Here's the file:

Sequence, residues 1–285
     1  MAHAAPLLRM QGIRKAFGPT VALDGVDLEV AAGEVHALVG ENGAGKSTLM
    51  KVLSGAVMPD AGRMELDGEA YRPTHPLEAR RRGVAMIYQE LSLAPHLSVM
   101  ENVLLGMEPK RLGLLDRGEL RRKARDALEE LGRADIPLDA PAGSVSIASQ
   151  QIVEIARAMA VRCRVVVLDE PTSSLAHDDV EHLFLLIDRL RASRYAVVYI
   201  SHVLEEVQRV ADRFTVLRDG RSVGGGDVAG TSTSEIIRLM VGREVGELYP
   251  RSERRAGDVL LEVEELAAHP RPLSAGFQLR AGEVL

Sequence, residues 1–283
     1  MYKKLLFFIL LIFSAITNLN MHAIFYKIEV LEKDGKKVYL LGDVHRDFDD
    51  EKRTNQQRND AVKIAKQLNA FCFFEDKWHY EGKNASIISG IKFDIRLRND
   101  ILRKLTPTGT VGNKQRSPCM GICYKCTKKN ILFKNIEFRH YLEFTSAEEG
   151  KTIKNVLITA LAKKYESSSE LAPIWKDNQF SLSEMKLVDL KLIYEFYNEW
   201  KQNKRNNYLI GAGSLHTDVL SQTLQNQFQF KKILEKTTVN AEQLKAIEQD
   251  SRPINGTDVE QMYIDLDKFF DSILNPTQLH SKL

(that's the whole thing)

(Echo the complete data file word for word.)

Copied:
Sequence, residues 1–285
     1  MAHAAPLLRM QGIRKAFGPT VALDGVDLEV AAGEVHALVG ENGAGKSTLM
    51  KVLSGAVMPD AGRMELDGEA YRPTHPLEAR RRGVAMIYQE LSLAPHLSVM
   101  ENVLLGMEPK RLGLLDRGEL RRKARDALEE LGRADIPLDA PAGSVSIASQ
   151  QIVEIARAMA VRCRVVVLDE PTSSLAHDDV EHLFLLIDRL RASRYAVVYI
   201  SHVLEEVQRV ADRFTVLRDG RSVGGGDVAG TSTSEIIRLM VGREVGELYP
   251  RSERRAGDVL LEVEELAAHP RPLSAGFQLR AGEVL

Sequence, residues 1–283
     1  MYKKLLFFIL LIFSAITNLN MHAIFYKIEV LEKDGKKVYL LGDVHRDFDD
    51  EKRTNQQRND AVKIAKQLNA FCFFEDKWHY EGKNASIISG IKFDIRLRND
   101  ILRKLTPTGT VGNKQRSPCM GICYKCTKKN ILFKNIEFRH YLEFTSAEEG
   151  KTIKNVLITA LAKKYESSSE LAPIWKDNQF SLSEMKLVDL KLIYEFYNEW
   201  KQNKRNNYLI GAGSLHTDVL SQTLQNQFQF KKILEKTTVN AEQLKAIEQD
   251  SRPINGTDVE QMYIDLDKFF DSILNPTQLH SKL